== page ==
Head of Research Centre, Research Group Leader
- Cancer genome studies including cancer clonal evolution
- Identification and analyses of genes with prognostic relevance in haematological malignancies
- Immunoglobulin gene analysis in lymphoproliferative disorders
- Development of bioinformatics tools for marker analyses in diagnostics and research
- Direct application of genomic analyses in clinical practise
- Detection of genetic defects (of both inherited and somatic origin) related to of development cancer and other severe diseases
- Introduction of high-throughput technologies for human genome analyses (whole genome/exome sequencing, transcriptome profiling, microRNA detection, gene panel and amplicon sequencing etc.) into medical research and diagnostics, development of new diagnostic approaches and therapeutic protocols
- Identification and analyses of novel diagnostic and prognostic markers and therapeutic targets in tumour cells with a focus on leukaemias and lymphomas; analyses of pathogenesis of these diseases
- Delineation of immune cell biology and pathogenesis of B-cell malignancies (genomic analyses of patients with lymphoproliferative disorders, functional studies, immunoglobulin genes analyses)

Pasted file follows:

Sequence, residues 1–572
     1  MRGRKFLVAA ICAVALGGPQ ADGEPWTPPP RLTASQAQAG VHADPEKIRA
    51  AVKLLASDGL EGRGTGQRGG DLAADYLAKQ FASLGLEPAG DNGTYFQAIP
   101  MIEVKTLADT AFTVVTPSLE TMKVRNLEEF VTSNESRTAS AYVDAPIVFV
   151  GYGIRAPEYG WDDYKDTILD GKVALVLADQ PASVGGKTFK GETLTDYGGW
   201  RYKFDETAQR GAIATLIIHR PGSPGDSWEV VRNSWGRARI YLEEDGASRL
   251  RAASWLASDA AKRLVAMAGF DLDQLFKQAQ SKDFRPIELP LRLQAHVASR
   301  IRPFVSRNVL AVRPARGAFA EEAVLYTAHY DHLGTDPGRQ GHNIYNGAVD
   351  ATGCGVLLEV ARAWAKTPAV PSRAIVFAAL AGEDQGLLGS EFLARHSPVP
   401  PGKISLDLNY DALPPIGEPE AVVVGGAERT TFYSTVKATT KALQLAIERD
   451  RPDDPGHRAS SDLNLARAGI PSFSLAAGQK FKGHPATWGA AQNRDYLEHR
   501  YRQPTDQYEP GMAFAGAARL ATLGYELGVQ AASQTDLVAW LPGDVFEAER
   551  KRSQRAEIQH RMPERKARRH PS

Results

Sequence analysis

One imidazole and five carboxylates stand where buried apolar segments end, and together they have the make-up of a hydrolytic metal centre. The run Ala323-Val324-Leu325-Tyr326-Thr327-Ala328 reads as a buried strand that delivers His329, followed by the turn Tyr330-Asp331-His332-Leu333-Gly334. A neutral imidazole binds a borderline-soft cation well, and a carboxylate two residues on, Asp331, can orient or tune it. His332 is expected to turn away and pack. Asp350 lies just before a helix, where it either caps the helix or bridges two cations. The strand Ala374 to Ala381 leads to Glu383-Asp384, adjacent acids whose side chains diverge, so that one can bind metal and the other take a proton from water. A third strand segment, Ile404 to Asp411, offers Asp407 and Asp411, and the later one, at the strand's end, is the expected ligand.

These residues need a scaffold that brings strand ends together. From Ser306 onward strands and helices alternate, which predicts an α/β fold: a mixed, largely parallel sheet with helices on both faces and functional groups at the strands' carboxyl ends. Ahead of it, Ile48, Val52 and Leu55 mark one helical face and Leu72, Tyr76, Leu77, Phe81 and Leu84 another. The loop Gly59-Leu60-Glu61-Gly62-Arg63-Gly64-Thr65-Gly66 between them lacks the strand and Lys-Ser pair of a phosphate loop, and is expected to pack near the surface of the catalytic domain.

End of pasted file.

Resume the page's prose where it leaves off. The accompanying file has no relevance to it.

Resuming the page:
Content of research
Normal-to-malignant cell transformation may be underlain by many different mechanisms that typically share a single common feature – the alteration of genetic information and subsequent disruption of cellular regulatory mechanisms, which thus lead to uncontrolled proliferation. Some of these genetic alterations have been described already and are routinely analysed in oncological diagnostics, e.g. TP53, ATM or BRCA1/2 gene mutations or specific translocations occurring in leukemias, lymphomas and other tumours.
There is an obvious need to study also the importance of many other genomic aberrations observed in tumours and their influence on the malignant potential of transformed cells.
Novel technologies including high-throughput genome sequencing (also called massive parallel sequencing) provide fast and complex view into the human genome. They are used to characterise genetic information of patient‘s normal and malignant cells to reveal mechanisms of cellular transformation.